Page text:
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Do New Tax Rules Throw Cold Water on Employee Events?

Employers can use meals and parties to foster engagement and build trust

A group of business people toasting at an event.

updated May 10, 2019

Tax changes that took effect last year now limit employers' ability to deduct employee entertainment events. But if businesses carefully navigate the new rules, exceptions allow them to continue deducting many employee meals and parties, at least in part.

How the Law Changed

Under the Tax Cuts and Jobs Act of 2017, meals with employees during which business is discussed are considered 50 percent deductible. If no business is discussed, the meal is not deductible and is fully taxable as entertainment. The IRS has stepped up scrutiny of deductions for expenses related to meals and events to ensure they're for legitimate business purposes and not for entertainment.

There are some significant exceptions to the taxing of meals and events, however, such as:

  • The IRS excludes from taxes as "de minimis," meaning "a trivial cost," meals or meal money occasionally provided to employees, or meals or meal money provided when employees must work overtime.
  • Food or beverage expenses for holiday parties, annual picnics and similar celebrations are not subject to the 50 percent deduction limit and remain fully deductible when provided primarily to benefit employees—and are not limited to those who are high ranking or highly compensated.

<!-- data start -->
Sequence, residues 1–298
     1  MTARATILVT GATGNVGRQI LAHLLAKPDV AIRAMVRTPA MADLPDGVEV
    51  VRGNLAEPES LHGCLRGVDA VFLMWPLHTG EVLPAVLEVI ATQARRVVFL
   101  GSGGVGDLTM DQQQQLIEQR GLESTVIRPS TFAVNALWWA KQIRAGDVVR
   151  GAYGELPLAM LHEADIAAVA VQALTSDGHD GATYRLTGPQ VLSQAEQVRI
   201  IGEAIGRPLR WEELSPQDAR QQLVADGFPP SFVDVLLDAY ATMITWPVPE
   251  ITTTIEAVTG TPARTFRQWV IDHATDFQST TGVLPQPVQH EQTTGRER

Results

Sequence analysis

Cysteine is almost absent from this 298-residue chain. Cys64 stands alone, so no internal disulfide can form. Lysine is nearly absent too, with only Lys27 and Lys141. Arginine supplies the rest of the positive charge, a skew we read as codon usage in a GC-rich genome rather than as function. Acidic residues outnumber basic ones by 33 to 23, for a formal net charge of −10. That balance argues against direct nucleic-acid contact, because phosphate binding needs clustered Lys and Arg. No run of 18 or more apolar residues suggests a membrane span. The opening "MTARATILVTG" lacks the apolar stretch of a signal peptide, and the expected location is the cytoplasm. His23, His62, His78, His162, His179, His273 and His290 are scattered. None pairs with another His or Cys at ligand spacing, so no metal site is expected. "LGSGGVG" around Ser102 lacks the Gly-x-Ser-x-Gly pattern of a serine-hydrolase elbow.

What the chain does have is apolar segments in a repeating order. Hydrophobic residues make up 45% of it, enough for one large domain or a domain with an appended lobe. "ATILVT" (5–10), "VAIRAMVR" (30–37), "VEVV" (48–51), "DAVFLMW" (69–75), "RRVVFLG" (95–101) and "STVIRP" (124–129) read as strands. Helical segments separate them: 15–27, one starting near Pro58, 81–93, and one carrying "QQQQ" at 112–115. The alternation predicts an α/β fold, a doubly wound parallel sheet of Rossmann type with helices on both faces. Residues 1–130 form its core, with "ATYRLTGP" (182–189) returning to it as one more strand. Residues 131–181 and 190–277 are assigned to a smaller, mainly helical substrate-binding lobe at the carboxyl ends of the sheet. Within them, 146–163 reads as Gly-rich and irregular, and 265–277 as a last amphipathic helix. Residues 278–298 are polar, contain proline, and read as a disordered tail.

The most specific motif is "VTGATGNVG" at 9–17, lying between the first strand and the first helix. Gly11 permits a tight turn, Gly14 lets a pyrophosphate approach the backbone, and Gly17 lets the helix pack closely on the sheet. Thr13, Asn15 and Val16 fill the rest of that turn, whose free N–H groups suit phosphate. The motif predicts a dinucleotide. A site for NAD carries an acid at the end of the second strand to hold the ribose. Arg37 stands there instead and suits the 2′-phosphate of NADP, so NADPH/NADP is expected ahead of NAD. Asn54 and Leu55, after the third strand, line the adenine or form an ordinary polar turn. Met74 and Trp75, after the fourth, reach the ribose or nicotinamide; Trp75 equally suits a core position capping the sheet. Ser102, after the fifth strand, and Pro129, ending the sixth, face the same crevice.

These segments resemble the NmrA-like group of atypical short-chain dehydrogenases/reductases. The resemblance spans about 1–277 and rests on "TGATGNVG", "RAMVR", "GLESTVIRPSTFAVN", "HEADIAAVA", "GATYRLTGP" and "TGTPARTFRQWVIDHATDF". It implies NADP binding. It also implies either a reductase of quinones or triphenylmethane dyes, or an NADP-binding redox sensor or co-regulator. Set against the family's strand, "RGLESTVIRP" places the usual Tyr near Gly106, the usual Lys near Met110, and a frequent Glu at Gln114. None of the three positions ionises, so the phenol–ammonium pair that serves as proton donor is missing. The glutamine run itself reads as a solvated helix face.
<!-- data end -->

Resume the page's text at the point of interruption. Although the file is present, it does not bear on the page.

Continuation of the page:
Subsidized meals served at an onsite cafeteria or similar facility are handled differently: The tax act reduced deductibility from 100 percent to 50 percent for meals provided at onsite eating facilities through Dec. 31, 2025. After that date, such costs will not be deductible.

The IRS issued guidance earlier this year clarifying that strict rules must be met to avoid taxes on free meals at work, although snacks get a pass. The IRS found that the value of snacks is small, even if offered continually. Therefore, snacks remain tax-free as a de minimis benefit.

What This Means in Practice

"It's important to remember that these rule changes do not completely eliminate the deduction for group events that serve a business need," said Dave Du Val, chief customer advocacy officer with audit services firm TaxAudit in Citrus Heights, Calif.

Du Val gave the example of corporate events that may appear to be for entertainment but help to strengthen business teams and build trust. "An argument could be made for the deductibility of the expense" in these cases, he said, although that's far less likley if team-building events include trips to fancy resorts.

"There is no black-and-white lettering on this subject, so a taxpayer has to look at all the facts and circumstances involved in each meeting to determine which category it falls under"—deductible or not—he added.

This view is shared by Vincenzo Villamena, managing partner of Global Expat Advisors, a boutique CPA firm with offices in New York City and Hong Kong. The ruling "has largely not affected company events, since they are still allowed to be deducted if for the sole benefit of the employees," Villamena said. Deductions for purchases related to client events, such as for sports tickets and stadium box seats, are not allowed.